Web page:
The Effects of Oil and Mineral Taxation on Non-commodity Fiscal Revenues
This paper shows, first, that non-commodity revenues are more volatile in oil- and mineral-rich countries and that quality of institutions is associated with lower volatility. We investigate the channels through which oil and mineral revenue volatility lead to non-commodity revenues volatility, and find that when oil and fiscal revenues increase (decrease), non-commodity revenues are reduced (increased) discretionally, and that this substitution effect is larger and faster than an indirect positive income effect through increased public expenditures and GDP. Latin American oil- and mineral-rich countries appear, though, to behave differently. In particular, most of them show increased non-commodity revenues pari passu with increased oil and mineral revenues during the last decade. These findings have consequences for the overall volatility of public expenditures and the effectiveness of automatic tax stabilizers in oil- and mineral-rich countries.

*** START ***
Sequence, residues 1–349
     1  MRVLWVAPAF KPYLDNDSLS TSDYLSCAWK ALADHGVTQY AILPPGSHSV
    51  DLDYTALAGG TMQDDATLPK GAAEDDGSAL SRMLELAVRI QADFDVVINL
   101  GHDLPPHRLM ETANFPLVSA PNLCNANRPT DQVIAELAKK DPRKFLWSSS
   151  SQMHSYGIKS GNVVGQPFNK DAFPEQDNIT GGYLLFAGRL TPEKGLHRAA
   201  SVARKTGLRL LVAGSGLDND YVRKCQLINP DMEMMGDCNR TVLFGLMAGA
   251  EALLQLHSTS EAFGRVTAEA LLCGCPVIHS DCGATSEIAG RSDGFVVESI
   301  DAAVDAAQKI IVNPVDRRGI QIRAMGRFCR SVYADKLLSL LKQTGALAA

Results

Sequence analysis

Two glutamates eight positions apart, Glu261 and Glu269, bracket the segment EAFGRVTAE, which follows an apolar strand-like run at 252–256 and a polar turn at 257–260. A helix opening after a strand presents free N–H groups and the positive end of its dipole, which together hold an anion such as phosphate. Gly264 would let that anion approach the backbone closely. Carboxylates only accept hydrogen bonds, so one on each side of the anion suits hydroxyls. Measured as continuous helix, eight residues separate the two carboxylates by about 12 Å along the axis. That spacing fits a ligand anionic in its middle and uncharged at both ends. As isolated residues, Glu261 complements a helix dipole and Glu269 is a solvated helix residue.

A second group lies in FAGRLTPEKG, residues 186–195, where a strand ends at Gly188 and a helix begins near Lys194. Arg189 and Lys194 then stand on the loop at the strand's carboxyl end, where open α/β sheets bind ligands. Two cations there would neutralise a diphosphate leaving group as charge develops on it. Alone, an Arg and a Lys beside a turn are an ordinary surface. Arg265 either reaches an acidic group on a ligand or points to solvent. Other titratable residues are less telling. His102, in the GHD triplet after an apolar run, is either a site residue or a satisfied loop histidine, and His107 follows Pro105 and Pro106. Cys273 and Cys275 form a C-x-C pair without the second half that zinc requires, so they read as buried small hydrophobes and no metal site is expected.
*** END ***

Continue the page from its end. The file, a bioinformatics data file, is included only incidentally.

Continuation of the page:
|Date of creation:||Sep 2012|
|Date of revision:|
|Contact details of provider:|| Postal: |
Web page: http://www.iadb.org/publications/
More information through EDIRC
When requesting a correction, please mention this item's handle: RePEc:idb:brikps:76318. See general information about how to correct material in RePEc.
For technical questions regarding this item, or to correct its authors, title, abstract, bibliographic or download information, contact: (Monica Bazan)
If references are entirely missing, you can add them using this form.